With current conditions with COVID, a lot of our customers are facing financial hardship for a variety of different reasons. The personalization of [automation] capabilities and the ability to do this at pace within a certain cost envelope is extremely important for us as a global bank.
So says Deepak Janakiraman, Global Head of Communications Hub Platform, at HSBC Wealth and Personal Banking, an arm of HSBC with a mission to help customers take care of their day-to-day finances, while also helping them protect and grow their wealth.
The Communications Hub team is responsible for helping enable markets with key multi-channel personalization capabilities to better serve customers. According to Janakiraman:
We do so across a range of customer propositions, starting with personal banking and moving to serve our higher net worth clients under the global private banking business. Most of these services are delivered under the HSBC brand, but we also have a few other affiliate brands.
Back in 2017, HSBC made a strategic decision to use Pega across the entirety of its retail banking and wealth management customer base following an initial deployment in Australia, he recalls:
Over the last three-and-a-half years, we've scaled those deployments to 13 other markets across the world. Most of our efforts in the earlier years were focused on channel integration into web email, SMS and most recently over the mobile channel, but I'd say through those years we've also increased the sophistication of the experiences we deliver to our customers.
All of this has delivered an over 100% gain on certain key metrics around open rates ,click through rates, conversion rates, as well as top line revenue per contact. This has been achieved primarily by building out a global framework within Pega, a process which has thrown up some critical key learnings, says Janakiraman.
(1) Productize before you think about scale:
When we initially started, I'd say the first one or two markets, there was quite a steep learning curve. As we got to market number three, number four, we felt like we were repeating a lot of the tasks. We spent a lot of time thinking about how we take a step back and build out a global framework for scaling…Definitely consider productizing your offering before you scale to more markets.
(2) Start simple
This oftentimes a lot of organizations get tripped up on. As you talk to stakeholders, there tends to be a bias to have feature parity over existing vendors. I'd say keep it simple and have a clear plan of how you're going to run up the messages. So you produce return-to-value and that's where it works really well for us.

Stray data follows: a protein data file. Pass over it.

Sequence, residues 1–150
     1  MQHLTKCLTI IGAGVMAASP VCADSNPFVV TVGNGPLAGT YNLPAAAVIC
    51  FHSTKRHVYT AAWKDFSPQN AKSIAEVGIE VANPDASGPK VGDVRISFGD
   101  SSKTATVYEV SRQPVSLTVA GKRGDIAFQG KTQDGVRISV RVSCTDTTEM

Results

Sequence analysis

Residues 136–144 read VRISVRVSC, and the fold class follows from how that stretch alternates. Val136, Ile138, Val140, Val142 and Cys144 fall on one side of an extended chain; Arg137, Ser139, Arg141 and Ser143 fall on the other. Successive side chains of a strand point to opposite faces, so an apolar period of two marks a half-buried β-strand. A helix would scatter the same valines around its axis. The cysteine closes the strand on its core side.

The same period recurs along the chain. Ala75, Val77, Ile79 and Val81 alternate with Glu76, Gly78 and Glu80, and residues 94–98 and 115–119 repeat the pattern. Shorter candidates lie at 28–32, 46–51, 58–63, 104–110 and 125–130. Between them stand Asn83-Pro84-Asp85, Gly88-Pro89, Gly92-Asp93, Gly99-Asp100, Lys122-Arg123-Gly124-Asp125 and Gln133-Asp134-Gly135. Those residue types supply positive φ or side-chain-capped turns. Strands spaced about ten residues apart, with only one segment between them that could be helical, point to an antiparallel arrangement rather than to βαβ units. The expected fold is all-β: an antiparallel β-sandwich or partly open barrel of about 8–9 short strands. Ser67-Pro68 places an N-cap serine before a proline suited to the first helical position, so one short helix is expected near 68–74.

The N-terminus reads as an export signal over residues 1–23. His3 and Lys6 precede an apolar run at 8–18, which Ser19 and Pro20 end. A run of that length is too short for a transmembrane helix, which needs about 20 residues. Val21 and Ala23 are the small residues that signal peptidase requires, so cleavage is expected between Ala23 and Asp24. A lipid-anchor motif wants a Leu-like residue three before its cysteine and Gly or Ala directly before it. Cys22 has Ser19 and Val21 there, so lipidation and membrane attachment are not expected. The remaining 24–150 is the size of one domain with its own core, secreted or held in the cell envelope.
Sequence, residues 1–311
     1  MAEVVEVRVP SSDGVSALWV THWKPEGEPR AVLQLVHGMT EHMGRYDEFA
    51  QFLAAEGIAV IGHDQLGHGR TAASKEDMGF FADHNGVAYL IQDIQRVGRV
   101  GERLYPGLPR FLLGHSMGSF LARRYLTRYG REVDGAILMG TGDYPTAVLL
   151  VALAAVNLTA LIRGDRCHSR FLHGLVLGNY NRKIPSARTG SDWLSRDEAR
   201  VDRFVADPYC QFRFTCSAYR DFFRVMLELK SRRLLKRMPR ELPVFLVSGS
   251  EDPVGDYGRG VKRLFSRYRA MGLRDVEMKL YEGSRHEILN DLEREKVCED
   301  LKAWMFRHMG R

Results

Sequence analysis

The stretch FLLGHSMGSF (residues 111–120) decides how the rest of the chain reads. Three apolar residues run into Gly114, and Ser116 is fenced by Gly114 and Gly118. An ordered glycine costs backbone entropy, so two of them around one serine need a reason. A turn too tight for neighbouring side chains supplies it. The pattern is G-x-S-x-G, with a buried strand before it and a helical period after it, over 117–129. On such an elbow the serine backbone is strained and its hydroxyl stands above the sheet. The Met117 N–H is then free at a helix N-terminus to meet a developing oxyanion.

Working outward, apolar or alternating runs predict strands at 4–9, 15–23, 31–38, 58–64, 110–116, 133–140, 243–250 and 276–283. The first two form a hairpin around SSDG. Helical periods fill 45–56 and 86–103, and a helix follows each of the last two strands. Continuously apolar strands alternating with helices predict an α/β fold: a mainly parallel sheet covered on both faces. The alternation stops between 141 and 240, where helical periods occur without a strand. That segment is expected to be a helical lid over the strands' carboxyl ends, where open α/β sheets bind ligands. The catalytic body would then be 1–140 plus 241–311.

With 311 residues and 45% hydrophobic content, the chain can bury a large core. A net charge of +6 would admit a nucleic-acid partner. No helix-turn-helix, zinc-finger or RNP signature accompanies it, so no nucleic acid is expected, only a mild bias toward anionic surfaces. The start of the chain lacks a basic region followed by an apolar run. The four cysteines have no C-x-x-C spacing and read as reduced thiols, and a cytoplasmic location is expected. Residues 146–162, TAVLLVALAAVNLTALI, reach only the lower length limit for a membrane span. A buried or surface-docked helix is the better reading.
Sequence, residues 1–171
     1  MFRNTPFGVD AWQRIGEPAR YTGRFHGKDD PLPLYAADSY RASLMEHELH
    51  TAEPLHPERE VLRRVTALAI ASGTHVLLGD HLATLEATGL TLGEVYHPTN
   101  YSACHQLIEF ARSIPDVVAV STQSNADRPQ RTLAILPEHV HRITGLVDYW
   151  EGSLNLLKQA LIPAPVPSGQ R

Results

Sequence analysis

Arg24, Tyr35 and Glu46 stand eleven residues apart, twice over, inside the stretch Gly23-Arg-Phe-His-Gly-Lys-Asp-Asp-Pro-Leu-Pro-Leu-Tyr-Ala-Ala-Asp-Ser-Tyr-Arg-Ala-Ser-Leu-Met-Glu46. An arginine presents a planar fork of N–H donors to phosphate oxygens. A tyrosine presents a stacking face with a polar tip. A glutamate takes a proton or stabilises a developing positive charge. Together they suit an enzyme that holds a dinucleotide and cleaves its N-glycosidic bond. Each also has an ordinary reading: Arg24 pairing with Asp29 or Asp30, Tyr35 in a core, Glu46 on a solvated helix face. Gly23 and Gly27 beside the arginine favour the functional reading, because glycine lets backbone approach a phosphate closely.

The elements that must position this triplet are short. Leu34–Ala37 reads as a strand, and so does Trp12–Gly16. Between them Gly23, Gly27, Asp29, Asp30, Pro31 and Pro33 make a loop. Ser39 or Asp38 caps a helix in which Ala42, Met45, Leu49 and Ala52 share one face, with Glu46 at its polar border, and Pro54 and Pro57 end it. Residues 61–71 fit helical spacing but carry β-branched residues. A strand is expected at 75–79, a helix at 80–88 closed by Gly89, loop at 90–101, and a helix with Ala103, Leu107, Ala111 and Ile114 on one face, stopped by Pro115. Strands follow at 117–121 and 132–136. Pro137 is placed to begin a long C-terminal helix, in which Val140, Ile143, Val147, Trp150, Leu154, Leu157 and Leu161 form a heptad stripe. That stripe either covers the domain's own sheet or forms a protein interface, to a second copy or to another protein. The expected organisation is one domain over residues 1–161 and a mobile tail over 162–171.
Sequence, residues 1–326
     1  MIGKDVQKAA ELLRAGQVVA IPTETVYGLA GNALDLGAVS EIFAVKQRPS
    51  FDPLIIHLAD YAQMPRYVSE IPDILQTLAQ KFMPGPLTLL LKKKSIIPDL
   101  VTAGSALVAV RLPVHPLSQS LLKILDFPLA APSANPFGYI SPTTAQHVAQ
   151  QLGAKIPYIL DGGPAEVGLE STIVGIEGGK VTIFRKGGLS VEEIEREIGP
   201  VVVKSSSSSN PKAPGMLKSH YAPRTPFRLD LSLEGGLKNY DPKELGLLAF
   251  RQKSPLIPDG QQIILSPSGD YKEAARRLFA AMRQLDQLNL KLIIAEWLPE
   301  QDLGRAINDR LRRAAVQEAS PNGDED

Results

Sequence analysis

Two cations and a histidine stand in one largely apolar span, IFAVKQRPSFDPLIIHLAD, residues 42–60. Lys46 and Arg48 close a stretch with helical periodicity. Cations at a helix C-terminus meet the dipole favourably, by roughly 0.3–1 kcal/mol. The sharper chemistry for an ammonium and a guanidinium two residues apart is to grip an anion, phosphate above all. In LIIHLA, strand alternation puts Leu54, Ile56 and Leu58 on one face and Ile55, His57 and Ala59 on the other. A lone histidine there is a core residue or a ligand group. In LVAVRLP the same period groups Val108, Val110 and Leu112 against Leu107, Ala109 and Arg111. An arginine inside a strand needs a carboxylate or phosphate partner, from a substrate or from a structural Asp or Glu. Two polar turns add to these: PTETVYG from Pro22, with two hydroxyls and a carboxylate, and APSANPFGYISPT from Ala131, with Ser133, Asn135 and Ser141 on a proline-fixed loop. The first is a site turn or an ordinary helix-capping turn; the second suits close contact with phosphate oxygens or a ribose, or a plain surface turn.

(3) It's about business transformation and technology transformation
I would argue that technology transformation is actually pretty well understood. Business transformation I'd say is the hard part because it involves changing the mindset and culture of of teams, which takes much longer. So I'd advise on starting your business transformation ahead of driving some of the technology changes that you need to cut into into your organization.
(4) Building a team
In hindsight, I would have loved to have started building permanent teams a little bit earlier. We relied quite heavily on contractors in the early years, and I'd say, focus, if you can, on permanent teams and complement those with contractors, so you retain that knowledge within the organization as you ramp up capabilities across markets.
(5) Share best practices
As a Center of Excellence team, for us as a global bank, we have to focus quite heavily on sharing best practice and knowledge. We found the Center of Excellence teams to be a great approach to actually sharing best practice and knowledge, and, more importantly I'd say, empower these teams. They can do wonders for you as long as they are empowered and so that's always a good setup if you're thinking about scope and scaling these capabilities globally.
You can never do enough of it. Speak a lot about value to the various stakeholders and teams around the organization. One of the areas we found out within HSBC that's worked quite well is you could have internal markets actually do quite a lot of the selling for you. If your organization has a construct with global and local teams, I definitely advise using internal markets to scale some of these capabilities.
Looking ahead, there are three key focus areas for the rest of 2020 and going into 2021, says Janakiraman:
The first is around delivering a personal and relevant HSBC experience. We are a global bank with a very international customer base, so we spend a lot of time thinking about how we can maintain consistency of brand and experience across across various customer touch points. So, for the rest of this year we're focused quite heavily on motor reuse. We're also focused quite heavily on leveraging the machine learning capabilities out of the box with Pega, but also complementing those with the models that we run internally on the cloud.
The second and third themes are more focused on scalability and efficiency as well as reducing total cost of ownership. One of the key challenges we've faced is demising or depreciating older technologies and reducing complexity, as we onboard Pega capabilities into the market. What we're heavily focused on over the next 18 months is how we can accelerate some of the depreciation of older technologies, but also drive automation if testing were possible, so we can continue to reduce the time-to-value as we enable some of these capabilities to markets.